Gradient Descent Algorithm 101. Understand the optimization algorithm… | by Pol Marin

Beginner friendly guide

Understand the optimization algorithm widely used in deep and machine learning

The Mountainside — Photo by Ralph (Ravi) Kayden on Unsplash

Imagine you are a drop of water on top of a mountain and your goal is to reach the lake at the base of the mountain. This high mountain has different slopes and obstacles, so going down in a straight line might not be the best solution. How would you approach this problem? Without a doubt, the best solution would be to take small steps, one at a time, always in the direction that brings you closer to your ultimate goal.

Gradient Descent (GD) is the algorithm that does exactly that, and is essential for any data scientist to understand. It’s basic and fairly simple but crucial, and anyone willing to enter the field should be able to explain what it is.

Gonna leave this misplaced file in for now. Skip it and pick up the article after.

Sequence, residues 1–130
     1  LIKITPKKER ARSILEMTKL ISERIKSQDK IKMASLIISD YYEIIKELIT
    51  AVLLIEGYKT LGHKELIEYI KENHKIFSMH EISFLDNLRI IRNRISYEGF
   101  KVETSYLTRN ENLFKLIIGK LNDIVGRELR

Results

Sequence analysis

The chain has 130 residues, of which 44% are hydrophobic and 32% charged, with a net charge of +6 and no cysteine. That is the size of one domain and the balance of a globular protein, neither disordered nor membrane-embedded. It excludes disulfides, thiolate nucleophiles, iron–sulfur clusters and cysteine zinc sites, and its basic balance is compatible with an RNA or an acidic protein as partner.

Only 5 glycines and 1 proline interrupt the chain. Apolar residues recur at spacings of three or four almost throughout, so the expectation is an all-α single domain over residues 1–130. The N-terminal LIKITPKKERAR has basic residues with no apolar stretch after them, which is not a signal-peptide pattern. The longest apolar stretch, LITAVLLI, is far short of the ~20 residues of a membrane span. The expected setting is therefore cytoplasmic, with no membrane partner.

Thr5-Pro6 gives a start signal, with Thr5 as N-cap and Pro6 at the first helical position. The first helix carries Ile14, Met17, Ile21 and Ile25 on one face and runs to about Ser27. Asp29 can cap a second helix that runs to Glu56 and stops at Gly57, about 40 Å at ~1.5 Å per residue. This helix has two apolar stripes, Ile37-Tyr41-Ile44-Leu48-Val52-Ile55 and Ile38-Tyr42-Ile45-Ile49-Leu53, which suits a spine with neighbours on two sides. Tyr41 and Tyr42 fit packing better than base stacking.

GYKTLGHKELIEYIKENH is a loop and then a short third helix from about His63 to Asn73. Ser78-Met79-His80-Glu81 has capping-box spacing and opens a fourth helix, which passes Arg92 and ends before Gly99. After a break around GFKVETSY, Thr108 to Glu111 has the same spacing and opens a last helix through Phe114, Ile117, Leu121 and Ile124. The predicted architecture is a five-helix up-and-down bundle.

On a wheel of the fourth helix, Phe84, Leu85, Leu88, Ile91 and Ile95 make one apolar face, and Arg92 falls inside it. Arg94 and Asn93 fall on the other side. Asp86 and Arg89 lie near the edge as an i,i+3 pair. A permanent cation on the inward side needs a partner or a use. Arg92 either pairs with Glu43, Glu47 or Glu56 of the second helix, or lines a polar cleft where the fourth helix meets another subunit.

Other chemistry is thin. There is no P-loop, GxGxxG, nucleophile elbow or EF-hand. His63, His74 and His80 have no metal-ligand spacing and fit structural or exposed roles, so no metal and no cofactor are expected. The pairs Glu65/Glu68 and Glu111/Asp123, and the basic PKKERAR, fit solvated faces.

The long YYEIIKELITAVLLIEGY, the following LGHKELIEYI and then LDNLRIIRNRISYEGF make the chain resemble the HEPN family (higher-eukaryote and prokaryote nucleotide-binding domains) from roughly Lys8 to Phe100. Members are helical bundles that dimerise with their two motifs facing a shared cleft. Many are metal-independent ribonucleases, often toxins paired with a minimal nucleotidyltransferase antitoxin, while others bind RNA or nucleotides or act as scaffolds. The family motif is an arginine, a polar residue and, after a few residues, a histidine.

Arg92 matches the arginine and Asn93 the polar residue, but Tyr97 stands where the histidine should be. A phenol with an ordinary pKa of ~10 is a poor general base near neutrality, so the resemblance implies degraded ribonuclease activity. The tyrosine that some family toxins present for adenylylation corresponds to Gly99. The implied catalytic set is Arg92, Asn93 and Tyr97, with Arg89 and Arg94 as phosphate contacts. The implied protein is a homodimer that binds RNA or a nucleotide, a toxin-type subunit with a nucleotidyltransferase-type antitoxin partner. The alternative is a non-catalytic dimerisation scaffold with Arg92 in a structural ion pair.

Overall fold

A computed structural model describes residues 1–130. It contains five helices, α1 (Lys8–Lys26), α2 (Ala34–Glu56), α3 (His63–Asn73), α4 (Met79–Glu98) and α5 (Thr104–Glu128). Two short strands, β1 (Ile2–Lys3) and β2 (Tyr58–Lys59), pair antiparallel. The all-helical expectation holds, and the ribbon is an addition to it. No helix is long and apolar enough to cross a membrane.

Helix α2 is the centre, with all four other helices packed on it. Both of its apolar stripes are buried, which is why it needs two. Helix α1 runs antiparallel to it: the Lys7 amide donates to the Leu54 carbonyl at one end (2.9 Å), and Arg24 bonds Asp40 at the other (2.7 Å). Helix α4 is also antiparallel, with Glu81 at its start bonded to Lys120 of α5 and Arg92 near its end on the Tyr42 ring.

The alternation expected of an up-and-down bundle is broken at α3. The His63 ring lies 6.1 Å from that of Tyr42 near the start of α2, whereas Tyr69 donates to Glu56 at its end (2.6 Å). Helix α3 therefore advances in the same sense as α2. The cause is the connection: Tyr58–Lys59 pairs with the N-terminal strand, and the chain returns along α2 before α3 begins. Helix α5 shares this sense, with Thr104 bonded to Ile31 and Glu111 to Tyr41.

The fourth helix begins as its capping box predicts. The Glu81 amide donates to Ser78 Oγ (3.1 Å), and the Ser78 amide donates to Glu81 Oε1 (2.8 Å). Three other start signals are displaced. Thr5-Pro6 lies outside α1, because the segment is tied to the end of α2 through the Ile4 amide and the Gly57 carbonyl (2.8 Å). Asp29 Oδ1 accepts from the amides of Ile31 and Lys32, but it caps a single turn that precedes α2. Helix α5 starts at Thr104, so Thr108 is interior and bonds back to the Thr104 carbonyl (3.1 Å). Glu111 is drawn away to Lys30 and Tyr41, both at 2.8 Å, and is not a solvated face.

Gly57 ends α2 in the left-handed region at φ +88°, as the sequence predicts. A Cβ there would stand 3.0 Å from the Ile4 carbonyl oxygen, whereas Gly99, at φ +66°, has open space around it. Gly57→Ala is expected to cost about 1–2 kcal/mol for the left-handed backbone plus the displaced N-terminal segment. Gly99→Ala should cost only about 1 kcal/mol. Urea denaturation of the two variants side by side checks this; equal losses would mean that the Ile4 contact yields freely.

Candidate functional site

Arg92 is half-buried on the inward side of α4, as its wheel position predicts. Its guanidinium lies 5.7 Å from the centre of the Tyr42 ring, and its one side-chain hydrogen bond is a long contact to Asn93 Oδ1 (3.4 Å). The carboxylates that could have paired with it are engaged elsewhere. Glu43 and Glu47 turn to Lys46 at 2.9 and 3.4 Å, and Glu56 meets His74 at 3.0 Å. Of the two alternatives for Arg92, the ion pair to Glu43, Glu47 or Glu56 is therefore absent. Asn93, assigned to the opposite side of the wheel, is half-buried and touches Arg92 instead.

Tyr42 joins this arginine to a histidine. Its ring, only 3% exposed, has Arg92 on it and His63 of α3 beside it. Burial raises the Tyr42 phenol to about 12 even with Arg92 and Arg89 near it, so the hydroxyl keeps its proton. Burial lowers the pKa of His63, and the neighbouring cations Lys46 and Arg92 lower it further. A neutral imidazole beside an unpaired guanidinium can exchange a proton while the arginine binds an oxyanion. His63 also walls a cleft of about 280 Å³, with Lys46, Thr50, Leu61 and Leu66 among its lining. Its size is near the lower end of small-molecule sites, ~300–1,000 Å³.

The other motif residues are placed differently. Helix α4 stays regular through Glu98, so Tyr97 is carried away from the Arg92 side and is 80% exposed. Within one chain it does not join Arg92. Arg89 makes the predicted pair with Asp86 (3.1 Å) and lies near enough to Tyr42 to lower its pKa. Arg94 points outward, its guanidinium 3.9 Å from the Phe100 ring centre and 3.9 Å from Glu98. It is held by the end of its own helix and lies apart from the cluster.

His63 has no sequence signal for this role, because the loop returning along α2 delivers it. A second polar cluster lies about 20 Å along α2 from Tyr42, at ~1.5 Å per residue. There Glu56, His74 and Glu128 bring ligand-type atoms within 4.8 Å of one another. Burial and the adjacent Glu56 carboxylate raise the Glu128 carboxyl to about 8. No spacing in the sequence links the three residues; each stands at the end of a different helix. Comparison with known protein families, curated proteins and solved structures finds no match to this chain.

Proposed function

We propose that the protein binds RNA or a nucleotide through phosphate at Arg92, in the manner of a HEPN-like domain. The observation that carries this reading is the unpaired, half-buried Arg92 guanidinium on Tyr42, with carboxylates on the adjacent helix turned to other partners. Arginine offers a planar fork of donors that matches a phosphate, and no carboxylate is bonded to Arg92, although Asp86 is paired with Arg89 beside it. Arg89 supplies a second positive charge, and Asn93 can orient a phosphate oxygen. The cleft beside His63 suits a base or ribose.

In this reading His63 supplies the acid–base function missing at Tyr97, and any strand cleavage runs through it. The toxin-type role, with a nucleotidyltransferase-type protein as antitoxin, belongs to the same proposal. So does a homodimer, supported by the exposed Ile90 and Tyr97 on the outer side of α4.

In this post, my aim is to make a complete beginner friendly guide to make everyone understand what GD is, what it is for, how it works and mention different variations.

As always, you will find it resources section at the end of the post.

But first things first.


Using Wikipedia’s definition[1], Gradient descent is a first-order iterative optimization algorithm for finding a local minimum of a differentiable function. Although it is certainly not the most effective method, it is commonly used in machine learning and deep learning, especially in neural networks.

It is basically used to minimize the value of a function by updating a set of parameters at each iteration. Mathematically speaking, it uses the derivative (gradient) to gradually decrease (decrease) its value.